Should Chennai anticipate blackouts?

On Tuesday night, nearly 1,300 workers at the Neyveli Lignite Corporation, Asia’s only lignite-fired thermal power plant, went on an indefinite strike. The NLC Township with its three major mines is situated in Cuddalore district 197 km south of Chennai. A prolonged strike by the miners is likely to affect not only the power situation in the city but the entire state. The thermal power stations have a combined capacity of nearly 2500 mw. About 1000 mw is fed into the grid of the Tamil Nadu Electricity Board. The southern states and the Union territory of Pondicherry share the rest.

The miners at the NLC are protesting a move to disinvest 10 per cent of the Corporation.
Tamil Nadu has a capacity to produce nearly 8000 mw of power. Less than 1000 mw come from the private power sector. The windmills, which are a renewable source of energy, produce about 800 mw of power. Nearly 150 lakh people consume power produced and distributed by the TNEB.
A search on the Internet did not reveal exactly how much power is consumed in Chennai. But we can reasonably estimate that this number is really a big part of the state’s share. Will we end up having day together of power cuts during the already insufferable summer?
The city’s only thermal power station is at Ennore in North Chennai. The plant run by the National Thermal Power Corporation produces 1000 mw of power from coal. There are plans to add another 500 mw to this station in the next three years or so.
So will the NLC strike affect Chennai? At the heart of the strike is the issue of disinvestments of profit making Public Sector Units. The common minimum programme of the UPA government at the Centre had promised that none of the profit making PSUs would be divested. But still the Centre has pushed for the disvestment of NLC along with NALCO, both of which the Left parties have strenuously protested.
Chief minister M. Karunanidhi has already written thrice to the Prime Minister on the issue. An offer to give NLC employees a stake in the divested shares was also made. But the staff rejected it saying that during needy times, any employee might sell his shares.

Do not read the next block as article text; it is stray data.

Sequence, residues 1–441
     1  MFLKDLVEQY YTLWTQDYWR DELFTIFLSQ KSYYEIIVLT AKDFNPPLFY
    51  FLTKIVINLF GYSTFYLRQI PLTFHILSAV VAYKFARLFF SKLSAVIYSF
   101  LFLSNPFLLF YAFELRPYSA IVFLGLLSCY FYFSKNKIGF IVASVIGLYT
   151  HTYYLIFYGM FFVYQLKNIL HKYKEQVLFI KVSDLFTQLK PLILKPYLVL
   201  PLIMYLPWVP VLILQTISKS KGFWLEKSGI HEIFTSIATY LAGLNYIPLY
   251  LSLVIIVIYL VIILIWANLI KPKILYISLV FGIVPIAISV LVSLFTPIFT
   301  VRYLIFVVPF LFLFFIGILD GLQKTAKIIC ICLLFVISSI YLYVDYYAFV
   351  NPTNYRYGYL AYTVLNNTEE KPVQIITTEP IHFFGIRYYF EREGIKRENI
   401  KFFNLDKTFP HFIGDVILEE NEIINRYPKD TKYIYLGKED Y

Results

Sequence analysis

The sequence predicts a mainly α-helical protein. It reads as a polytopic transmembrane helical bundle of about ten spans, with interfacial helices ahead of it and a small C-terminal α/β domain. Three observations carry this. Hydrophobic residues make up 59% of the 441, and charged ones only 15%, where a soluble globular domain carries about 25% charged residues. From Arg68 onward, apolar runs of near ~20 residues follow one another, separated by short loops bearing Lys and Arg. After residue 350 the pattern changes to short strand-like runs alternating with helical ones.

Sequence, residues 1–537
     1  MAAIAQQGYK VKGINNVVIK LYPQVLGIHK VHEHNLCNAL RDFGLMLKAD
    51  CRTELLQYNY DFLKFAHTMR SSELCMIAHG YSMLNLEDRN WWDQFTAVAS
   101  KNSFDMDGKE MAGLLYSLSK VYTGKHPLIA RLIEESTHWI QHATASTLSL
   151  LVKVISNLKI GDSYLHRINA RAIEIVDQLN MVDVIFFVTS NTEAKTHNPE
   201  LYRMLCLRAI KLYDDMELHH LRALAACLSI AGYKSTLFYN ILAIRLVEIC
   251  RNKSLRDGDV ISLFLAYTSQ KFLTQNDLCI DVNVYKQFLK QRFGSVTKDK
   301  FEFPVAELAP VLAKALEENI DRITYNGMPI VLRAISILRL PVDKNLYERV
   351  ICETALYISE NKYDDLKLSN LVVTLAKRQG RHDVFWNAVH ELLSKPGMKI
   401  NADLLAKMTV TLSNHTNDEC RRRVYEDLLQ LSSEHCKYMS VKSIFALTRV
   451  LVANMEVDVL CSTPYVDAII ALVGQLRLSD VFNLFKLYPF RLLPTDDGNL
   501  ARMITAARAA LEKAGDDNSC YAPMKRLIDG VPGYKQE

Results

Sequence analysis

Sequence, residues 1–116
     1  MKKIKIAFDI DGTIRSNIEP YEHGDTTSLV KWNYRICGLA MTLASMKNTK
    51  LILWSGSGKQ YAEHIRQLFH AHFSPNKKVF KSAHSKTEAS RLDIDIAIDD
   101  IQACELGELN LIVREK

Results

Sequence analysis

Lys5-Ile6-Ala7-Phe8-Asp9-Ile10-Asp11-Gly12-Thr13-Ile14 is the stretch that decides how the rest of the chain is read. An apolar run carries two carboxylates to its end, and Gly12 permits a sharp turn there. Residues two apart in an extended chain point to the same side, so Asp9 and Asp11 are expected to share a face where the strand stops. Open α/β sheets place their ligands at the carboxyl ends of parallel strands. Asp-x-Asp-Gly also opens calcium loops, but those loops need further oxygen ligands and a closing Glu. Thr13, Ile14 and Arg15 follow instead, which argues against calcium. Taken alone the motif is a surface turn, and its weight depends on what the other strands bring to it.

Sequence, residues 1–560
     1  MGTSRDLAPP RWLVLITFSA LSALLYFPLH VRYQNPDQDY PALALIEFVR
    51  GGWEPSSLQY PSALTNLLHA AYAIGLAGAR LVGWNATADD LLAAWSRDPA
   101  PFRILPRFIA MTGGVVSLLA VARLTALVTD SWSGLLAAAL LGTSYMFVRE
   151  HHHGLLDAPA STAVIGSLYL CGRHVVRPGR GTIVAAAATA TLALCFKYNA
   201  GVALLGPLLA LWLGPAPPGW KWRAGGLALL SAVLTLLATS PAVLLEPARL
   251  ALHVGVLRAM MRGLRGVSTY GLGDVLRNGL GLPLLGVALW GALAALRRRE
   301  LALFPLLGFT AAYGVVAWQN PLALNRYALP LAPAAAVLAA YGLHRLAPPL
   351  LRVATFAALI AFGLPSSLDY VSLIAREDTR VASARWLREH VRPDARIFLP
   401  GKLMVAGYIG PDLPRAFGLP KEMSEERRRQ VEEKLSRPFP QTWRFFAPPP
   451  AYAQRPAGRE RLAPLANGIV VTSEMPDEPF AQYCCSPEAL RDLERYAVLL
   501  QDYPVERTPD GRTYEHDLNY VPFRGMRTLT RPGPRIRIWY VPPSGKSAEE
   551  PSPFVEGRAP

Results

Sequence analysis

The privatisation of power has had disastrous effects in states like Maharastra, where the Enron experiment backfired. Will Tamil Nadu learn? There is no doubt that Centre will quickly move to pacify the strikers. But will that be too late for Chennaites? That is the moot question.

A last minute update: Wikipedia informs us that NLC is also a source of water for Chennai. The water apparently is brought from the deep lignite mines. So will there be a water crunch as well?

2 Comments so far

  1. Chandler64 (unregistered) on July 6th, 2006 @ 4:56 am

    Ofcourse, the answer is YES. Why not ?
    Its free aint’ it. If all goes well,
    you can celebrate by breaking 10 more
    cocanuts in front of the elephant god!

    The other option is to get the solar power panels,
    and a small wind turbines or even pedal powered
    generator to power your newly acquired
    western (or is it eastern now, since everything
    is made east of Calcutta) appliances on
    a PAY LATER scheme. You need to keep them
    running to justify the payments with 20+% interest
    to the FatCat banks!

    So, just go ahead, anticipate, sweat a little now
    the summer is almost over.

    I hear Carly Simon on the SoundBox singing..

    “We can never know about the days to come
    But we think about them anyway, yay
    And I wonder if I’m really with you now
    Or just chasin’ after some finer day

    Anticipation, anticipation
    Is makin’ me late
    Is keepin’ me waitin'”

  2. Nandhu (unregistered) on July 7th, 2006 @ 12:04 am

    Update: the strike was called off tonight. and production has resumed at the Neyveli lignite corporation

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